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    Sleeping Beauty has great sound and shockingly inaccurate color. The color of the orange fairy shifts from cut to cut and the balance is so jiggered that there is no way to tweak your monitor to get anywhere close to the way the film originally looked. It's shocking because Disney has tons of reference on this particular film. No excuse.
     
  10. Greg_D_R

    Greg_D_R Stunt Coordinator

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    So here's our dilemma as consumers: Do we avoid purchasing these films, knowing they do not reflect the creators' intent, or do we give in, knowing that reissues are highly unlikely?

    On the other hand, discussions such as this really can make a difference, as they did with the recent corrective reissue of Gladiator.

    I had not seen Sleeping Beauty since I was a child in the late 70s, so with the blu ray I was basically viewing it for the first time, and I enjoyed it immensely, especially the artistry of the backgrounds.
     
  11. bigshot

    bigshot Screenwriter

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    Color accuracy isn't something you would necessarily notice if you aren't looking for it, or if you have a reference to know how it should look. But at Disney, the use of color was very sophisticated. They were able to direct your eye around the frame and give attention to areas of focus by the skillful choice of colors. When the balances are shifted towards screaming primaries, like Sleeping Beauty, shots that once were ordered and organized become a cacophony of jumbled glowing shapes. With the hyper-detailed backgrounds of Earle, neutral colors like gray and tan are super important. They're what keep the textures and highlight colors from turning into chaos. A good analogy is Little Golden Books. If you have any old ones from the 50s, look at the colors. There will be large neutral colors setting off small areas of pure color. The neutrals make the bright colors look brighter. Many of the same artists who designed color for animation designed Golden Books as well. Here is one by Mary Blair, the stylist who set the colors for Alice in Wonderland and Peter Pan... http://www.animationarchive.org/?p=2162 She uses areas of bright color to lead the eye through the image, like the picture with the yellow road leading from top to bottom. The underground bug family has very muted pinks in the tree and sharper contrasts in the room under the roots. This directs your eye to the center of interest. If the tree was electric screaming pink, you would bounce back and forth around the picture without any center of interest. It's a subtle thing that operates below the conscious level for most people. But artists work very hard to master it, and Disney had the best artists of any studio for this sort of thing.
     
  12. bigshot

    bigshot Screenwriter

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    Another analogy is sound.... Car stereo salesmen love to try to trick customers by cranking up the bass and treble to exaggerated levels to make the sound more full spectrum. This works for electronic music which has no baseline in normal reality. But if you play classical music with acoustic instruments this way, it sounds horribly unbalanced. The reason is that there is a natural overall balance to acoustic music that we all recognize.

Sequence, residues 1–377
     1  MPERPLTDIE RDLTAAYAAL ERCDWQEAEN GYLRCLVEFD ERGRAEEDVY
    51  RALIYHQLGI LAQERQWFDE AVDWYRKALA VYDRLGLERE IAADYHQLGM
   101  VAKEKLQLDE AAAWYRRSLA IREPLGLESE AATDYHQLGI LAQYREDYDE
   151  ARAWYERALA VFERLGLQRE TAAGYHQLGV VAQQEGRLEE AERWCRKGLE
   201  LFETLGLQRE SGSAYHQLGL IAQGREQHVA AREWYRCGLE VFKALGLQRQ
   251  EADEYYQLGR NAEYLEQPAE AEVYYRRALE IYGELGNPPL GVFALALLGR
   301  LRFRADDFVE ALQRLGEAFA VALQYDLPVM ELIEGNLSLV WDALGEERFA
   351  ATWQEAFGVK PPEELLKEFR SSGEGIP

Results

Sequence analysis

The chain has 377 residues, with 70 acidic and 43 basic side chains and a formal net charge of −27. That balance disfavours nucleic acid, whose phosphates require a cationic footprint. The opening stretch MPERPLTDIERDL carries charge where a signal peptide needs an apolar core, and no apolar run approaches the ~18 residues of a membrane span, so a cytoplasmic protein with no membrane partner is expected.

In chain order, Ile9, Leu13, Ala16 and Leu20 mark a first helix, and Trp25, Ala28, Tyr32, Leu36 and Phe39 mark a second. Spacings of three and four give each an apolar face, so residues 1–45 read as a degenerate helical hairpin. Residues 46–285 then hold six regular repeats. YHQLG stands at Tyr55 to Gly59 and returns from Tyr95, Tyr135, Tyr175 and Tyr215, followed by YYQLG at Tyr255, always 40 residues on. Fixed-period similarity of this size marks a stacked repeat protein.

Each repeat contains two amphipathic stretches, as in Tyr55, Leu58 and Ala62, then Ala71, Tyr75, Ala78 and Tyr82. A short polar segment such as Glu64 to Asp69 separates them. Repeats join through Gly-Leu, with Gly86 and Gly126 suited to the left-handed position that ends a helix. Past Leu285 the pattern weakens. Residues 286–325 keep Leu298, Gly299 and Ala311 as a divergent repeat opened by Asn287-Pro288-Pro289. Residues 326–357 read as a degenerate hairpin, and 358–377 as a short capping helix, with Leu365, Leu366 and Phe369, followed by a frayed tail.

13. bigshot

    bigshot Screenwriter

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    That's your own choice. But as a great man once said, as a consumer, you don't get quality by settling for mediocrity. A case in point is Bambi. This was the first film in which Disney used the intrusive recreation processes that are messing up their video releases. The last DVD release of Bambi was awful, with goosed colors, smoothed over textures and weird looking video freezes all over the place. If Bambi's body was a hold, the grain on it would freeze and then start up again when it moved again. It looked like fleas crawling in the fur. Disney got a lot of flak for that. Within the studio, people were ashamed of how bad it looked. Now we get a new release of Bambi and it looks better than any of the bluray animated features to date. Shame works. I may sound like a broken record on this, but the Disney animated features are right up there with the most important live action films. If we want Citizen Kane to be restored in a non-intrusive way, and we want it to have a nice grain structure and a filmic look, we should want the exact same thing for Pinocchio. If the color balance of Technicolor films like The Red Shoes or American in Paris is important, then it's important in Alice in Wonderland and Sleeping Beauty too. It does these films a disservice to review their restorations using a different standard of excellence than other types of films. Animation is an art form. It isn't just mindless entertainment that should be dumbed down for kids. Walt Disney himself was competing on the same level as Chaplin and Welles and Ford. The company that bears his name should be the first to acknowledge that, not the one to slaughter his vision to create a more salable product. I could go on and on about the supplements on Disney DVDs too. The bonus material on Bambi is an embarrassment. If they're going to stoop that low, they shouldn't even bother. The movie speaks for itself. We don't need to explain it using wide eyed baby talk sound bites and phony recreated voice overs. Whoever produced that two leaves clip should be fired immediately.
     
  14. Professor Echo

    Professor Echo Screenwriter